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JILT 2002 (1) - Uta Kohl


Contents

Internet Law and Regulation
3rd Edition

by Graham J Smith
   Sweet and Maxwell, 2002
ISBN 0-421-70590-6

Reviewed by:
Uta Kohl
Law Lecturer
University of Wales, Aberystwyth
 

1. Introduction

There are many books on Internet law on the market - but few, if any, could compete with Graham Smith's 'Internet Law and Regulation' which, in terms of comprehensiveness of subject-matter covered and detail, is a hard act to follow. Indeed, it justifies taking the risk of praising too much and raising too high expectations, by saying that this book reads and feels like the Bible on Internet law and is very well worth the high price tag of ?145. This, of course, holds true only for someone who wants or needs a bible on Internet law, and there may be room for speculating that, with the Internet and Internet law growing out of its infancy, the possibility of any lawyer being (or aspiring to become) an expert in Internet law as a whole, rather than an expert, let's say, on issues of domain names or digital cash, is becoming increasingly slim.

Interestingly, in the Preface to the First Edition in 1996, Smith started off by addressing the concern that the content of a book dedicated to Internet law may be insubstantial, as well as the question whether the Internet is at all subject to any laws. Five years later, not only do these concerns, with the benefit of hindsight, seem rather funny and so last-century, but in fact they have been replaced by the reverse concern, namely of how to accommodate and do justice to the many recent developments in Internet law. A man 's gotta do what a man's gotta do: Smith makes the book double the length of the previous edition, a proud 700 plus pages. Will he be able to keep up that pace; will there be any need?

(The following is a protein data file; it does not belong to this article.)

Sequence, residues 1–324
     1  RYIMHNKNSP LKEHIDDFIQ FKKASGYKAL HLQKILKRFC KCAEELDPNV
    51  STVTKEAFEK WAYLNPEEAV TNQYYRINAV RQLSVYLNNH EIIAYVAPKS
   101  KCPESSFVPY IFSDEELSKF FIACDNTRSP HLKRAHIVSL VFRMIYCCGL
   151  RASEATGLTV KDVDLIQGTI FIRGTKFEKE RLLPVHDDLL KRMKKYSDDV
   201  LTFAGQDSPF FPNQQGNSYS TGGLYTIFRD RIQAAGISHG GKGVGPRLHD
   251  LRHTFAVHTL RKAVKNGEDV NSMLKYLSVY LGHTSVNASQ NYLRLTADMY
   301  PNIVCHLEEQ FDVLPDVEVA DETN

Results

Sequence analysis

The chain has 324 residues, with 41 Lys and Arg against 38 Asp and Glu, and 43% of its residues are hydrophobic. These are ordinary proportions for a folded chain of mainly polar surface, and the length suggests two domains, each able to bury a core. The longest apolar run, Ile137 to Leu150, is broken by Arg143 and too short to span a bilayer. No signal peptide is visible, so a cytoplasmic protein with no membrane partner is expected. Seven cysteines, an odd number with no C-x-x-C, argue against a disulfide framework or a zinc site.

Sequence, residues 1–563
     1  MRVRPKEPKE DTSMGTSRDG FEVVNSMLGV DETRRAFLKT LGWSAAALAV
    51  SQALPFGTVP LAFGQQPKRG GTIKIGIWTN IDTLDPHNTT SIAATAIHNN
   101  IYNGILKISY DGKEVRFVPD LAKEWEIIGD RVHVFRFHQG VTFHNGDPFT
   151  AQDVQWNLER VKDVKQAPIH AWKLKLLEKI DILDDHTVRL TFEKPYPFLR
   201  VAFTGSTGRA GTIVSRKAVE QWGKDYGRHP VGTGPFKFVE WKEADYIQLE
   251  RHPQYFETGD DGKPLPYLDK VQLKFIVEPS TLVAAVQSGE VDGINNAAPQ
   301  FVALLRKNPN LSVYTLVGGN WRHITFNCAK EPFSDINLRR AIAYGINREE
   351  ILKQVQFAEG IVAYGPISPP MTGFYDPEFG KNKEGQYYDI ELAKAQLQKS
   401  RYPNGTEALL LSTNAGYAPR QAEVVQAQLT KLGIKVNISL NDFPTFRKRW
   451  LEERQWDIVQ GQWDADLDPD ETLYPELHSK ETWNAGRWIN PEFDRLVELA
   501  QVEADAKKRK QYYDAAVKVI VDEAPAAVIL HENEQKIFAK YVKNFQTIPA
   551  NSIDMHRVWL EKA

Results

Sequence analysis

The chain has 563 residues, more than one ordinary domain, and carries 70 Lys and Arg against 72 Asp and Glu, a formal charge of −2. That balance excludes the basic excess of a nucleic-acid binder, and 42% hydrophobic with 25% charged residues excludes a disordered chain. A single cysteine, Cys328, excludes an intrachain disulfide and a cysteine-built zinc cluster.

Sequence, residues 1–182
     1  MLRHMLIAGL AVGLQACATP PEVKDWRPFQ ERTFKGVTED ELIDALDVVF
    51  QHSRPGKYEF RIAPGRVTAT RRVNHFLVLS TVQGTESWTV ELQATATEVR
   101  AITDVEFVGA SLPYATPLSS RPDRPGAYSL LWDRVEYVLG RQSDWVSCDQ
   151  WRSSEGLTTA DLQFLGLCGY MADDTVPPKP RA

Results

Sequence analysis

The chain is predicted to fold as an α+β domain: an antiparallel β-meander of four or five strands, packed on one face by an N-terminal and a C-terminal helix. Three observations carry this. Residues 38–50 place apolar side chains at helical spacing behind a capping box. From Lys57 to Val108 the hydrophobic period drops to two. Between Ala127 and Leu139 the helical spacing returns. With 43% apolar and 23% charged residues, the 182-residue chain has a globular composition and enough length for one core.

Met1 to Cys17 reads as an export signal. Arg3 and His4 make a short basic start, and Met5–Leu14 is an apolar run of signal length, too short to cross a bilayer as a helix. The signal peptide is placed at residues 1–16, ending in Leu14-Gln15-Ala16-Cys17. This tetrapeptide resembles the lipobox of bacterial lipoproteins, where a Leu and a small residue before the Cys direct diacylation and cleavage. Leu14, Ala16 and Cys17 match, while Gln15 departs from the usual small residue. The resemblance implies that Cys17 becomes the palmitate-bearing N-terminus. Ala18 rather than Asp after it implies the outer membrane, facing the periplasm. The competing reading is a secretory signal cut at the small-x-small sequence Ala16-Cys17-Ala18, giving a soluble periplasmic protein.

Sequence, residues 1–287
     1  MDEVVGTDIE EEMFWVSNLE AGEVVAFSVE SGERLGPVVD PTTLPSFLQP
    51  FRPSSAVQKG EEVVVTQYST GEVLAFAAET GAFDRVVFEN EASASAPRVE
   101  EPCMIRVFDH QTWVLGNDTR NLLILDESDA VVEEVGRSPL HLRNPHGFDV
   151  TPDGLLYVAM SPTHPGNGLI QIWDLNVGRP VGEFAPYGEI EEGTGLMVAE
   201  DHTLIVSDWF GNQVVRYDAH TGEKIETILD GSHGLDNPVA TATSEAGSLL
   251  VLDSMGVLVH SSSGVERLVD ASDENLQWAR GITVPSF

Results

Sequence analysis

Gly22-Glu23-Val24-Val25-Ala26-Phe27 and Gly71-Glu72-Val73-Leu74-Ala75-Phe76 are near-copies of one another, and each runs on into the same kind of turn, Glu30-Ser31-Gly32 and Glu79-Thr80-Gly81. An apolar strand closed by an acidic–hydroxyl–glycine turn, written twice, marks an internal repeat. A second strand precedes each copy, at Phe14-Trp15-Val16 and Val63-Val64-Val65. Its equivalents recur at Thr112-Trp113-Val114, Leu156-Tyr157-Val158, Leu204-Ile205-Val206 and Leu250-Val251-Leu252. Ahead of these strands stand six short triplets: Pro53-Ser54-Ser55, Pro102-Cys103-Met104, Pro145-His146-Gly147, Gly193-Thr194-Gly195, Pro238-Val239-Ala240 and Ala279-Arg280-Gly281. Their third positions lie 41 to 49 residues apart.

2. Comprehensive Coverage

Coming back to the question of what one does with a bible if one does not aspire to priesthood. You read extras for inspiration or illumination or confirmation or verification. Internet Law and Regulations is certainly not a book many are likely to read from cover to cover; it is much more a reference book which should offer something worthwhile to anyone with an interest in e-commerce or Internet related legal issues generally (and which lawyer, particularly commercial lawyer, can afford not be interested these days?).

In its twelve chapters it covers online related issues on copyright, trade marks, defamation, content liability generally, jurisdictional issues, telecommunication and broadcast law, contracts, electronic money, public law such as gaming or sexual offences, taxation and, finally, competition law. And these matters are not covered in an introductory and half-baked manner (as in some other books where individual authors more and more unsuccessfully try to be a jack of all trades) but professionally and generally thoughtfully. This is no doubt at least partially due to the fact that Smith's book has had the input of quite a number of contributors (although fewer in the third edition) including overseas contributors from 15 countries.

3. Legal Developments Beyond the UK